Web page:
Newfoundland and Labrador should unleash province’s mining potential
Mining is a major contributor to Newfoundland and Labrador’s economy. Iron ore, nickel, copper, cobalt, gold, pyrophyllite, limestone, dolomite and other commodities account for more than 8 per cent of the province’s GDP. The industry provides income for more than 8,200 families, represents more than 30 per cent of the province’s total exports, and has great potential for expansion as global events shift demand for many minerals.
However, according to a recent study published by the Fraser Institute, which measures the investment attractiveness of mining jurisdictions worldwide by surveying senior executives in the mining industry, Newfoundland and Labrador is dimming in the eyes of mining investors. Specifically, the province fell from 8th place in 2020 (out of 77 jurisdictions) to 21st in 2021 (out of 84), due in part to government policy.
Given the importance of the industry, the Furey government should take immediate action to address this decline. Survey respondents pointed to four different aspects of the province’s mining policies.
First, 47 per cent reported a negative perception about socioeconomic agreements and community development conditions, which includes local purchasing requirements or supplying social infrastructure such as schools and hospitals. Second, 42 per cent of survey respondents reported an increasing negative perception about the uncertainty around protected areas such as archeological sites. Third, 32 per cent said that regulatory duplication and consistencies were a deterrent to investment in the province. Finally, 32 per cent of respondents said the quality of infrastructure deterred investment. Consequently, in addition to its decline in the worldwide rankings, Newfoundland and Labrador now ranks sixth—behind Saskatchewan, Quebec, the Yukon, Ontario and British Columbia—among provinces in mining investment attractiveness.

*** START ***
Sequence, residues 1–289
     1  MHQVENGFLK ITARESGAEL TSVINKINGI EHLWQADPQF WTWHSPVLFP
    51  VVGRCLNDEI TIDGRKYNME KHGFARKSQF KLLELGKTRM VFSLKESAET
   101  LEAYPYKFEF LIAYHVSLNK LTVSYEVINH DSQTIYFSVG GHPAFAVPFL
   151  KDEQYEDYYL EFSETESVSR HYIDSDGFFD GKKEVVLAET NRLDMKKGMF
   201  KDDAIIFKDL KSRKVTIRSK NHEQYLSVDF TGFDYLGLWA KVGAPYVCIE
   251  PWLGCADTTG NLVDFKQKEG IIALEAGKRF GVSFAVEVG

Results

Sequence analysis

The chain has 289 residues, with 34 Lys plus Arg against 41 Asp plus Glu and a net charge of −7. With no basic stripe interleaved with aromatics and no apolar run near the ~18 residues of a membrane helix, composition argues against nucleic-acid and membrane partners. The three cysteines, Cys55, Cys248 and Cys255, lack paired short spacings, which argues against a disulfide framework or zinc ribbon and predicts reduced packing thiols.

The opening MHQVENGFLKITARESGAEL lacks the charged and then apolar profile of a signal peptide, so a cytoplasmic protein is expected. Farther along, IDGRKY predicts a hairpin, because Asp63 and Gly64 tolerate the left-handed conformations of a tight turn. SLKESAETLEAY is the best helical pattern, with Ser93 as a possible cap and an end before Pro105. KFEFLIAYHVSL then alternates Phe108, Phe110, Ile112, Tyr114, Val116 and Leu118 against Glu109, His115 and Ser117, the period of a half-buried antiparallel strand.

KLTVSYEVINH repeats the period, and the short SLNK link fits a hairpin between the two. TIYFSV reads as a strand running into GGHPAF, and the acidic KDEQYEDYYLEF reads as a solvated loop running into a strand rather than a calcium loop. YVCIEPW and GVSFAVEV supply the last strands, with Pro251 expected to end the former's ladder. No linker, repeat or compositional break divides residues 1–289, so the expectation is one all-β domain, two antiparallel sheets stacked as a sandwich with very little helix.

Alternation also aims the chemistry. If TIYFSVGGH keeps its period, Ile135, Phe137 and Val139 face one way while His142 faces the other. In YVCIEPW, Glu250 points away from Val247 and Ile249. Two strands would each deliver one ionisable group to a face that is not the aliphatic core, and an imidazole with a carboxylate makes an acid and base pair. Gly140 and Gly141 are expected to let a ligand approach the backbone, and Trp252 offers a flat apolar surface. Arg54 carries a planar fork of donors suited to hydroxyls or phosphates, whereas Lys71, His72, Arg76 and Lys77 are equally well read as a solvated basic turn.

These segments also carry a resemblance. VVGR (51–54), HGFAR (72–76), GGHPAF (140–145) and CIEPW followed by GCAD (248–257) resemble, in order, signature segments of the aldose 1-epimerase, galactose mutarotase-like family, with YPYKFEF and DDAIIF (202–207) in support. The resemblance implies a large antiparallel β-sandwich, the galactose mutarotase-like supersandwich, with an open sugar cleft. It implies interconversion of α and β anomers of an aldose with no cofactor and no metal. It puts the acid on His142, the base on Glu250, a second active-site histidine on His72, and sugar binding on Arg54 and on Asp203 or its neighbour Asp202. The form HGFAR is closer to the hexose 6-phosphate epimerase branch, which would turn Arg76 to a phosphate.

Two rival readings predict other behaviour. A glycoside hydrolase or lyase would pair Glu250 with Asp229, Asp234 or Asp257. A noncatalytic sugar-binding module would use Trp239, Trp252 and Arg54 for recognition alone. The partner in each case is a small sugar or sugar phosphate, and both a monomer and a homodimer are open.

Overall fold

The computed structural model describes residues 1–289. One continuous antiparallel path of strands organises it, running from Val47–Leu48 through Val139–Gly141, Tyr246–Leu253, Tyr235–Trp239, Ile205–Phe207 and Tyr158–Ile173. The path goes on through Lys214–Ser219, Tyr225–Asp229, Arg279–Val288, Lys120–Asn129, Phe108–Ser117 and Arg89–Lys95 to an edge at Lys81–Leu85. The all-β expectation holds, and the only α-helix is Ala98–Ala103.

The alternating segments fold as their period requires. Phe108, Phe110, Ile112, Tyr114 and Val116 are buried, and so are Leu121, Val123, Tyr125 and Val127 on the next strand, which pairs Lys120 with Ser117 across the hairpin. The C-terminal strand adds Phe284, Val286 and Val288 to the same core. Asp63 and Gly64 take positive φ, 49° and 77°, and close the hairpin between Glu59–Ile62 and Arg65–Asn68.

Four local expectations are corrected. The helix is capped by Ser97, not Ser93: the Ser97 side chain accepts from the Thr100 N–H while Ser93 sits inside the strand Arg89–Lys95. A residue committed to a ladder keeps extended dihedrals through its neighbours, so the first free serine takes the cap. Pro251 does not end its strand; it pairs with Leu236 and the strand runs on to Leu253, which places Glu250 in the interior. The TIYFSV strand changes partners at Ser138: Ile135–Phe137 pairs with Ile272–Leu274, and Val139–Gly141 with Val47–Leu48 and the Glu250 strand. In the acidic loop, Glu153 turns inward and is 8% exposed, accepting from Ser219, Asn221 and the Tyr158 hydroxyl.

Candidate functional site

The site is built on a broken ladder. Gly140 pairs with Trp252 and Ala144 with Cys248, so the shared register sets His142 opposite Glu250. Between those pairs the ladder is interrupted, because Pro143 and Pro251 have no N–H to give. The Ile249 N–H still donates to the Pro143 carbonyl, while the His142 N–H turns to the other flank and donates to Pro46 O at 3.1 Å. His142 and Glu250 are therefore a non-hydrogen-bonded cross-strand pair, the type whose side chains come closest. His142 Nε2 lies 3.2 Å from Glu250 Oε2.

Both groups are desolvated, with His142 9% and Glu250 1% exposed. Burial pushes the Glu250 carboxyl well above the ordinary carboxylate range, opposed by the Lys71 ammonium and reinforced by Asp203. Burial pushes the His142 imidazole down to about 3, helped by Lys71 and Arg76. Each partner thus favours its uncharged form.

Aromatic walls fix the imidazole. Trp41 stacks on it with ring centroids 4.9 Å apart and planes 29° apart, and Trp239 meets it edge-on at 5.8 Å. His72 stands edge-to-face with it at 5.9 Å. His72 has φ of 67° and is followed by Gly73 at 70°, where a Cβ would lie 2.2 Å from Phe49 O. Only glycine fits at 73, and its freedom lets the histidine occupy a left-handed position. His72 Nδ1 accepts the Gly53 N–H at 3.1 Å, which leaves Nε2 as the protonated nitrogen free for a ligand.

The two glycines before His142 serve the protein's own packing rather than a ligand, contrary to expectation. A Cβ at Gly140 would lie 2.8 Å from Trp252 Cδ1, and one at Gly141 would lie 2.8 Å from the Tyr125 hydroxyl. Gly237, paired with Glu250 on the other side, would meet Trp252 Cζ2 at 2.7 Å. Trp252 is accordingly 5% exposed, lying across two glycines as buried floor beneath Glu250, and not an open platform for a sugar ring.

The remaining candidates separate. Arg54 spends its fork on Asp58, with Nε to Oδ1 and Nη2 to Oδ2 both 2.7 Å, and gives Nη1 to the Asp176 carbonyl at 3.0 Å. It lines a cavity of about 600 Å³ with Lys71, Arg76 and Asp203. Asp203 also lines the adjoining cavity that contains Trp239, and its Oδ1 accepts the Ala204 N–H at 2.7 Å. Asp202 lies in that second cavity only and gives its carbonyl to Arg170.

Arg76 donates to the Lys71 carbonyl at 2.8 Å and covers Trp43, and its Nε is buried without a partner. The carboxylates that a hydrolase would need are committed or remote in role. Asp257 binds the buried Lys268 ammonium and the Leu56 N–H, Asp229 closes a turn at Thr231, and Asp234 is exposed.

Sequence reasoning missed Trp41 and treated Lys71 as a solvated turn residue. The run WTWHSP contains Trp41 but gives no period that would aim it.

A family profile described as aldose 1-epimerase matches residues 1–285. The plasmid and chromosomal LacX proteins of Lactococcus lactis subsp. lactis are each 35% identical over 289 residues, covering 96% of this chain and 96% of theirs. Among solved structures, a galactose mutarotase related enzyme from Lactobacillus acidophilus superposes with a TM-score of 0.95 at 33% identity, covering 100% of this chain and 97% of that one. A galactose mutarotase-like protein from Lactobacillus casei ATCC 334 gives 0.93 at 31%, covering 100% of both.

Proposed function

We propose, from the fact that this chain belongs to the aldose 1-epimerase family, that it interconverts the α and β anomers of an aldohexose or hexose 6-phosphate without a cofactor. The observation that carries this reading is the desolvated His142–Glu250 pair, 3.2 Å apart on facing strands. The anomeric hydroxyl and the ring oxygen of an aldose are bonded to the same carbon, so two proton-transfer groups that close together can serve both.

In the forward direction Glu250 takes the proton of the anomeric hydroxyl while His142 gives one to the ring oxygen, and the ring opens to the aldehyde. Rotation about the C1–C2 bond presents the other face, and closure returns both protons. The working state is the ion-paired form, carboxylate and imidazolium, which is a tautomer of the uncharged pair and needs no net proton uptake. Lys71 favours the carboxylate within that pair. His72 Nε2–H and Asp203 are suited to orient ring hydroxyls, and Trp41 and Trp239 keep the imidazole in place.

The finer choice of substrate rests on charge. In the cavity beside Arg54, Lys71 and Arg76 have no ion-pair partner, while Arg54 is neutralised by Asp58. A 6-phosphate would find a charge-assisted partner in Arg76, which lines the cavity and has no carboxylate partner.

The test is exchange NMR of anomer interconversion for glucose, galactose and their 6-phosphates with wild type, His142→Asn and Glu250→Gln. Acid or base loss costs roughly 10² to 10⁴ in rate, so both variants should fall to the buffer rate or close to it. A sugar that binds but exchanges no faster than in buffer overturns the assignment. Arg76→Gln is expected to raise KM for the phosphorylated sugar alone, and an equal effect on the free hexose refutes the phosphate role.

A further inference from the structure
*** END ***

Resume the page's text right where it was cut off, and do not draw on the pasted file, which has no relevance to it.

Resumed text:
But there is some good news. According to survey respondents, Newfoundland and Labrador (alongside Ontario) ranks first for “transparency” with 83 per cent reporting an ability to secure the necessary permits for exploration in six months or less. Moreover, 100 per cent of investors reported being “confident or highly confident” that permits will be granted once regulatory requirements are met. In this regard, while geology is unchangeable and given by nature, competitive policies can help encourage investment.
Private investment in Newfoundland and Labrador’s mining industry plays a central role in economic growth and job creation. While the province experienced a decline in investment attractiveness this year, it has a strong mineral endowment, the envy of many other jurisdictions around the world. Ultimately, it’s up to the provincial government to boost the economy and create jobs while meeting growing world demand for minerals. To achieve this win-win scenario, the government must enact more competitive policies to unleash Newfoundland and Labrador’s mining potential.
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